Docker and LinkManager playing nicely…

Having started down the Docker road, I hit an interesting issue the other day. How do you get Sitecore to generate absolute links correctly when your site runs inside a container?

The issue…

After firing up some client code on a Sitecore v9.2 instance in Docker, code appeared to run ok, but URL generation wasn’t right. Two issues were apparant: Firstly, the site was configured to generate absolute URLs, but they did not include the correct port to work:

And secondly, when you tried to go to the Sitecore desktop and fire up Content Editor, it was broken:

What was going on here?

Research…

My initial thought was “I need to tell Sitecore about the odd port I’m using, so it can generate URLs correctly”. So off to Google I went. And I found a huge number of “why does Sitecore keep putting port 443 on the end of my URLs?” Stack Overflow questions, plus blog posts about that issue. But I did not find anything much about a situation where you actually want to add a port.

I did discover that Site Bindings can have port settings – but adding these just broke site resolution for me, causing the whole website to fall over.

I suspect I spent an hour banging my head against this, and rubber-ducking the issue with colleagues before I hit a breakthrough: Google threw up a post about configuring Sitecore when it’s sat behind a device that routes to non-standard ports, by my old chum Steve McGill.

And that made the whole thing click in my head:

The solution

The issue here is that under Docker, I am browsing to Sitecore at http://localhost:44001/ but internally the Docker network engine is remapping that request to http://localhost:80/ inside my container. Sitecore doesn’t know anything about port 44001 at all – and hence all my problems above!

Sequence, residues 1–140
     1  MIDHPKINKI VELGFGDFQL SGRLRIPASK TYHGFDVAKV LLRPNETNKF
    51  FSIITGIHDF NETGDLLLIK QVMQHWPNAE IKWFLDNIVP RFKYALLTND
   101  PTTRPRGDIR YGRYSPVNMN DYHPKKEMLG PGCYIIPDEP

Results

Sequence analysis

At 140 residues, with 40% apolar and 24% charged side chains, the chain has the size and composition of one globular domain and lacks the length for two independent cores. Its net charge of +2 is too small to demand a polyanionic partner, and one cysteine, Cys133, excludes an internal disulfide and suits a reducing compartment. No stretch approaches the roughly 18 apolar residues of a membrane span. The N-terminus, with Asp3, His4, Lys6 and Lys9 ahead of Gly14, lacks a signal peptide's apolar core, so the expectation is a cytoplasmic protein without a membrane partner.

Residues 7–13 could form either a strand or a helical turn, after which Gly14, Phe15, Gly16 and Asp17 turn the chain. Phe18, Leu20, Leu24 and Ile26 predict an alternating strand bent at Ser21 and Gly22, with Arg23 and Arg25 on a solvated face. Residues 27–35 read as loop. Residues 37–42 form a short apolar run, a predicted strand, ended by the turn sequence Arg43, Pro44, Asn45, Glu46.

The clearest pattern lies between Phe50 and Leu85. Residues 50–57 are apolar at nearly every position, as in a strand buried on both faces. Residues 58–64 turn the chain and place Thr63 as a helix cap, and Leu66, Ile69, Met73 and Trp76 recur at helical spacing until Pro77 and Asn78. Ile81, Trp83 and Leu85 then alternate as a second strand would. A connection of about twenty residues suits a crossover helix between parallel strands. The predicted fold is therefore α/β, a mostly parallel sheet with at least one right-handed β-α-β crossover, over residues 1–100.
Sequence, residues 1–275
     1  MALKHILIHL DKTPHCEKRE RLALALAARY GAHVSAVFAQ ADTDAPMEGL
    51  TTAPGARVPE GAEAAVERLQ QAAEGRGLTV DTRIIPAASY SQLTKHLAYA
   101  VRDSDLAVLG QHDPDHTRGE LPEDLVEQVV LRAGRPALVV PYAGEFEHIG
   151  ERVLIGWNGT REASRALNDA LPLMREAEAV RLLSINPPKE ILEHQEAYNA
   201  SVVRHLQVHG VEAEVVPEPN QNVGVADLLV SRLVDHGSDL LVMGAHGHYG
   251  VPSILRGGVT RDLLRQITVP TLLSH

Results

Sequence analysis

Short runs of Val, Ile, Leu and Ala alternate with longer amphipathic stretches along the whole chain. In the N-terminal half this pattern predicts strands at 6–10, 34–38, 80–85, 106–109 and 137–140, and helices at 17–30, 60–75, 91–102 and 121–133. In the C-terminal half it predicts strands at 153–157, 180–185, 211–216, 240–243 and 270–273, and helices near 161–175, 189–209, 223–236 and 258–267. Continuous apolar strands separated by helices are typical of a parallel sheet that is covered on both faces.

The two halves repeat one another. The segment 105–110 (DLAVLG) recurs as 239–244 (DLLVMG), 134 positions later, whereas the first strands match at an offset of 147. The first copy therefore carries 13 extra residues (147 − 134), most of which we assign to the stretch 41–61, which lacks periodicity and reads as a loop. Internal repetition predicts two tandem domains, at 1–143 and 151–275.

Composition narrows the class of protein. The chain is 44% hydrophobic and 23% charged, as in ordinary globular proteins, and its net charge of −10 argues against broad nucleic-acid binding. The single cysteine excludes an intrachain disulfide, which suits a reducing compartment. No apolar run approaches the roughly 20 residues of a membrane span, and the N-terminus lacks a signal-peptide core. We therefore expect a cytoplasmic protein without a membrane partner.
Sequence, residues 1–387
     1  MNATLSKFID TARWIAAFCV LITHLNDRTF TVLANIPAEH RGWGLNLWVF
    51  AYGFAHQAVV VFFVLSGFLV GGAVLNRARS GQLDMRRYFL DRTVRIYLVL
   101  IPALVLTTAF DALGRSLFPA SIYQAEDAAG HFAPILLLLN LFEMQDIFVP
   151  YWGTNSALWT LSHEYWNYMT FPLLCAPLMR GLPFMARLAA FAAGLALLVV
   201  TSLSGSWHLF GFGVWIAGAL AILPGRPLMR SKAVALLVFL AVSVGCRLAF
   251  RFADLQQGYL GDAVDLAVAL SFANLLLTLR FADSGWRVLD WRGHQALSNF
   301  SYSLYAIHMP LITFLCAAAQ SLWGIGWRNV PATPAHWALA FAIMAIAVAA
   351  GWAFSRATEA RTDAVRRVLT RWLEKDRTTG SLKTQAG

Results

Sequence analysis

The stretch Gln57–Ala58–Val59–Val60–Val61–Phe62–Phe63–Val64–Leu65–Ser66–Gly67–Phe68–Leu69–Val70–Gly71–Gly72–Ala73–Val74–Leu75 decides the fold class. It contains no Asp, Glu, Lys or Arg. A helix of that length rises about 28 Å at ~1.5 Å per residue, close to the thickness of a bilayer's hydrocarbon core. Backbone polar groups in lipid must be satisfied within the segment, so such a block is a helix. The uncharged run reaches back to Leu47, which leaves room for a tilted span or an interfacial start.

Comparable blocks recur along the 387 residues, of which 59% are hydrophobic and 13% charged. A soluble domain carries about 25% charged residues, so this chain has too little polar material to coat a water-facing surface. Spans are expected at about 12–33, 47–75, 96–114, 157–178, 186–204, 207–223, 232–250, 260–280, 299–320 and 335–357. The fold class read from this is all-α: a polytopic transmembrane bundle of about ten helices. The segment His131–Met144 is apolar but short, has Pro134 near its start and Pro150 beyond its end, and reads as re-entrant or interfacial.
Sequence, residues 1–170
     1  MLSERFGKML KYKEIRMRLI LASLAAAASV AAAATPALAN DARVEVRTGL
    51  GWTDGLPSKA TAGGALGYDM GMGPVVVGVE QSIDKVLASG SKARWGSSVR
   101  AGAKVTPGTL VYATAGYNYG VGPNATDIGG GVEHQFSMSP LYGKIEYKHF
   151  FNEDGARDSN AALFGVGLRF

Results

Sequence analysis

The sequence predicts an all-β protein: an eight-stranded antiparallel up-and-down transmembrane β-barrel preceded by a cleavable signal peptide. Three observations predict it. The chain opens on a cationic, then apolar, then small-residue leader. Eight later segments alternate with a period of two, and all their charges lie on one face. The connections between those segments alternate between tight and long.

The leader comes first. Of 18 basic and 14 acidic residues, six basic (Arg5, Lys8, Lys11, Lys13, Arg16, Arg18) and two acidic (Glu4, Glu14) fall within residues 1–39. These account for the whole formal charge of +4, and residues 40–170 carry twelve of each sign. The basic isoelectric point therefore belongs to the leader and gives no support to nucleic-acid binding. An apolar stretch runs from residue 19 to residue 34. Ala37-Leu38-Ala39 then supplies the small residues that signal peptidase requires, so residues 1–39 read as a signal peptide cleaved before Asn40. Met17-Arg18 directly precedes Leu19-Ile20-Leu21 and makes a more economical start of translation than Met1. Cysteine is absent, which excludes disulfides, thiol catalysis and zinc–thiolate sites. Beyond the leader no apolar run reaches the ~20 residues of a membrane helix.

So how do we fix this? Simple – and also explained by Steve’s post.

ASP.Net has a feature for deciding how it initialises the request context object that Sitecore receives whenever you make a request. By default, it’s initialised by the literal incoming request. So in this case, it sees the requested URL as http://localhost:80/ – but that request was actually forwarded from the external Docker port. So under the surface there’s actually an HTTP header that describes the original request:

And if we tweak ASP.Net’s config, it will initialise the request context using that data.

In the appSettings element of your web.config file, you add:

<add key="aspnet:UseHostHeaderForRequestUrl" value="true" />

to enable this behaviour. And with that done, your absolute URLs will start including the correct port:

And Content Editor will work again.

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